Padma Bank Limited, formerly known as the Farmers Bank, has been relieved from the obligation to maintain the Statutory Liquidity Ratio for more than two years, having suffered severe fund withdrawal pressure in 2018.
In a Bangladesh Bank circular issued on Wednesday, the duration mentioned is from 31 October 2017 to 31 December 2019.
As a result, the commercial bank will enjoy exemption from paying Tk89 crore in fines that would have been imposed for failing to hold the minimum percentage of deposits in the form of liquid assets during the time.
The order issued by the central bank says the decision has been made in consultation with the government.
In November 2019, the private bank requested the central bank not to charge it Tk144 crore for failing to maintain Cash Reserve Ratio (CRR) and Statutory Liquidity Ratio (SLR) in 2017 and 2018.
Under Cash Reserve Ratio (CRR), commercial banks have to hold a certain minimum amount of deposit as reserves with the central bank.
Banks have to keep 4% of the cash deposited into them in reserves, which cannot be lent to corporate or individual borrowers. Banks do not earn interest on the money, and the main purpose of it is to ensure availability of a small portion of funds against deposits.
On the other hand, 13% of the deposited money is to be invested in gold, government treasury bills or bonds – which is the Statutory Liquidity Ratio.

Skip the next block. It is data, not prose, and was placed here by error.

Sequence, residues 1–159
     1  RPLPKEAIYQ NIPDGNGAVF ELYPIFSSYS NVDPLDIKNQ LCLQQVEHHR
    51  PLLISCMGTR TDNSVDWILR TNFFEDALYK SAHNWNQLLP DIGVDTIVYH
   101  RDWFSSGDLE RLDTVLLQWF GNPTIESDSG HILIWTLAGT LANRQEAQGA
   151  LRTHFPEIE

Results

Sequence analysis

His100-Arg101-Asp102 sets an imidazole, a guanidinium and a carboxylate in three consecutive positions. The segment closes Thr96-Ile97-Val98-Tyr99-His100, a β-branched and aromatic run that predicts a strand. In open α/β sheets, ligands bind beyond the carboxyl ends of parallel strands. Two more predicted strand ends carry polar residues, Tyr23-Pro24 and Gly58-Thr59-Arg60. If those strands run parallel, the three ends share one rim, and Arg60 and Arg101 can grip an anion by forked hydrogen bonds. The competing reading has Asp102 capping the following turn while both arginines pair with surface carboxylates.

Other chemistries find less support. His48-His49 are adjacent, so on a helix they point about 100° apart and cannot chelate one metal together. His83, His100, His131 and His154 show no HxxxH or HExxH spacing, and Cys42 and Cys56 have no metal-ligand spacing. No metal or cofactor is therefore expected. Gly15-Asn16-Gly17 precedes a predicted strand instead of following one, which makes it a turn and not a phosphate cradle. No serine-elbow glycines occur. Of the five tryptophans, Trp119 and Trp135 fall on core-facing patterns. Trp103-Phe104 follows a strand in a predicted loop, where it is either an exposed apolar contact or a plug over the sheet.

The CRR and SLR are intended to protect the interests of depositors.
Following the Bangladesh Bank circular, Padma Bank will have to pay Tk55 crore in fines for not abiding by the CRR requirement.
On this, former governor Dr Salehuddin Ahmed told The Business Standard that if a bank was in trouble, the central bank could be lenient towards it, but it was not wise to exempt the bank from the charges altogether.
Instead, the Bangladesh Bank could bring down the SLR requirement, he said.
It was clear from the circular that Padma Bank was incapable of maintaining the SLR, Salehuddin said, adding that the banks that were facing such issues should be merged with other banks.
The central bank changes the CRR and SLR from time to time. To ensure cash flow, it reduced the rates last year.
At present, CRR and SLR combined that banks have to hold with them is 17%. For Islami banks, it is 9.5%.
If a bank fails to maintain the CRR as stipulated, it has to pay a penalty of 5% of the money in deficit every day.
In case of SLR, the penalty has to be calculated according to the interest charged for repossessing the deficit amount. At present, the repo rate is 7.75%.
The Financial Institutions Division in a report submitted in 2016 to the parliamentary standing committee on finance ministry identified the Farmers Bank as a threat to the country's financial sector.
Against the backdrop of loan scams and other financial irregularities, Sonali Bank, Agrani Bank, Janata Bank, Rupali Bank and ICB Bank bought most of the shares of the Farmers Bank in 2018 in a government intervention to salvage it from drowning.
The name of the bank was changed to Padma Bank in January next year.
Until the end of 2020, default loans of Padma Bank amounted to nearly Tk3,500 crore, which was 61.6% of the total loans disbursed.
Around that time, the overall default loan rate of the banking sector was 8%.